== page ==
And there is one recorded human death.
Stinging tree in botanical gardens.
There is no effective antidote known for
this stinging plant.
thing you can do is to get the hairs out of your skin. And that is not
an easy task considering they are so small that your skin may even
close over them.
The latest best method was found by a James Cook University student in
Cairns, and has since become official - pull them out using a wax
hair removal strip.
tree is a common tree in Cape York.
beautiful yellow flowers,
green fruits when not ripened, and later distinctive cotton bolls.
You can often see it in dry open schrub, particularly in rocky areas,
and in places it is so
common it is impossible to go unnoticed.
So in case you ever wondered, this
is kapok tree, sometimes also called cotton plant or cotton tree, Cochlospermum gillivraei. It is a very drought
tolerant plant, that drops it leaves to save water.
It is a beautiful tree, about 10 metres tall, with grey, smooth bark and bright yellow flowers.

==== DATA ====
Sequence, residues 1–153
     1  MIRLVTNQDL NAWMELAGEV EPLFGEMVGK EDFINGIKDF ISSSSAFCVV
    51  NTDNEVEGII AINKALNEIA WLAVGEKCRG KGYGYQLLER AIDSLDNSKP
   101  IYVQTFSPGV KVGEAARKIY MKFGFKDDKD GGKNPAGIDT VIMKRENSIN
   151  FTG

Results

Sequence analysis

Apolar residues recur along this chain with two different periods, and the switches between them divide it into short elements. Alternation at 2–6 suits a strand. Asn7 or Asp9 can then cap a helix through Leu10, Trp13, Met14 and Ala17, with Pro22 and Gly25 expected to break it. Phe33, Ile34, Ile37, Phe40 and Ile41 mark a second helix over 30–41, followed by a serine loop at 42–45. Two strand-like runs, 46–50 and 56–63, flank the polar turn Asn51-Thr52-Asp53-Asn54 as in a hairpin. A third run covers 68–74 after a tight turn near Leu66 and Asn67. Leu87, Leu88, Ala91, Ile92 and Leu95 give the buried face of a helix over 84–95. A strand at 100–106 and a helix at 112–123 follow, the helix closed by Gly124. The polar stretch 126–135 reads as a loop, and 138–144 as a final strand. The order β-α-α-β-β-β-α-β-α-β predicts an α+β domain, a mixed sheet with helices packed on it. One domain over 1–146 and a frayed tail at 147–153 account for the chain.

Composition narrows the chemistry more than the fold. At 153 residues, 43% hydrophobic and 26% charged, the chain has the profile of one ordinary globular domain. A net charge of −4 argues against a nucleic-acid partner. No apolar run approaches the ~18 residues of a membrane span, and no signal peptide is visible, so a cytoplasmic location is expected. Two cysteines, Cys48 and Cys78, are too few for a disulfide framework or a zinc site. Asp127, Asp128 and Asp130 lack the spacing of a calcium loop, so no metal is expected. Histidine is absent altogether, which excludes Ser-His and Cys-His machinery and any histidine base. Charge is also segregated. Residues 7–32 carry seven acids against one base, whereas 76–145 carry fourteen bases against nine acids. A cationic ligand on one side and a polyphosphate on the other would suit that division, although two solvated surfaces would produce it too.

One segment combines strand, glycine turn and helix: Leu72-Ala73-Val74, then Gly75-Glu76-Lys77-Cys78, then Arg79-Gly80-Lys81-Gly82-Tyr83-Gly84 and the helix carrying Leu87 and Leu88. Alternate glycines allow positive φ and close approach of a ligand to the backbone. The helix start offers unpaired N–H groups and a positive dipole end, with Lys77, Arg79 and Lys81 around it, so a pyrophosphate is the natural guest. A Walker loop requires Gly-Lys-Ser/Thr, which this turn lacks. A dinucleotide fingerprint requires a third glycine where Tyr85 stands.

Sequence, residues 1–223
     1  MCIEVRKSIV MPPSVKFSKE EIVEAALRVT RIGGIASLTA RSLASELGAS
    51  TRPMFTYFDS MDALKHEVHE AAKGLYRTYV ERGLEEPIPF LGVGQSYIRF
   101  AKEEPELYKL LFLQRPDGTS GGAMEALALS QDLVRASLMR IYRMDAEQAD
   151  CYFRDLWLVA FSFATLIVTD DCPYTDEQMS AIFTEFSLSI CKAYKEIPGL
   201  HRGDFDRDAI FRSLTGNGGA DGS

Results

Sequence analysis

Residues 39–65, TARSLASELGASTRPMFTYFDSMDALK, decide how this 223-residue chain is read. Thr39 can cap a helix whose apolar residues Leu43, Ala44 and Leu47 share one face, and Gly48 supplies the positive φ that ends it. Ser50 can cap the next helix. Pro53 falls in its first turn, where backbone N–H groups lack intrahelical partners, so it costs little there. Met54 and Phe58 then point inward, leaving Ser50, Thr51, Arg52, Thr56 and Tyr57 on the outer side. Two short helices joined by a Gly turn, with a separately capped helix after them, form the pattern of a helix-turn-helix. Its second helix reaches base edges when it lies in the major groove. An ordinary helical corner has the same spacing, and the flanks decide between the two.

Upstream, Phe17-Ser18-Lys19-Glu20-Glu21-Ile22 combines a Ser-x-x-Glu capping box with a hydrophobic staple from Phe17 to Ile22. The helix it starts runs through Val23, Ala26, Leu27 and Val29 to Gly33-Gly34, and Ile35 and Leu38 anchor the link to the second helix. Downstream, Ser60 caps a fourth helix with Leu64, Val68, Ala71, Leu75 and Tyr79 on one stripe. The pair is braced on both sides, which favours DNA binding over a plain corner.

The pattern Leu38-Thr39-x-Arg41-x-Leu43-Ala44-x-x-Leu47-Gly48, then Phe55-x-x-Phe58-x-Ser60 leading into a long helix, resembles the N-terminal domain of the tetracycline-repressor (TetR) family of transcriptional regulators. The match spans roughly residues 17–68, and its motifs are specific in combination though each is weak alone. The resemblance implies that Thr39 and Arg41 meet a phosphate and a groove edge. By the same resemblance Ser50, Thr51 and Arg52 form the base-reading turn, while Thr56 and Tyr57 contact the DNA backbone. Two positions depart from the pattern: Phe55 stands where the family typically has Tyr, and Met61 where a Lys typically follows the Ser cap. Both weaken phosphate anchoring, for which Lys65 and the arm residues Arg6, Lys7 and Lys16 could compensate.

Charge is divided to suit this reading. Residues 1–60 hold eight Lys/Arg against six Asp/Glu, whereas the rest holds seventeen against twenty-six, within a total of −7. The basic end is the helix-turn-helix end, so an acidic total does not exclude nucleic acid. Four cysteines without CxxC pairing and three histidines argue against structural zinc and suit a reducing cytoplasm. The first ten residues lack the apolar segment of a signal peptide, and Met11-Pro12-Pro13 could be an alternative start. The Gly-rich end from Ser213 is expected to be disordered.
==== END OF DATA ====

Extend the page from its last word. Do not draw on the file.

After the flowering, the
fruits are first green.
The ripened fruit opens up and turns into a cotton boll that is
distinctive and easy to see in its surroundings.
are inside the fibre.
It grows on
and south of Cape York peninsula,
as well as the Top End of Northern Territory. You can particularly
often see in in the Lakefield area and central eastern Cape York.
Below are some more kapok
* There are some 20 species of Cochlospermum trees in the
world, Australia has four
species including Cochlospermum gillivraei.
refers to John McGillivray - the naturalist on the explorer ship HMS
Rattlesnake, which explored the northern Cape York area in around 1850.
* All the four species of Australia grow in the tropical north of
* One of them, Cochlospermum fraseri,
grows in Kakadu National Park.
Queensland, our native
kapok tree is known to be found as far south as Bowen.
* They lose their leaves
during the Dry Season, just before flowering.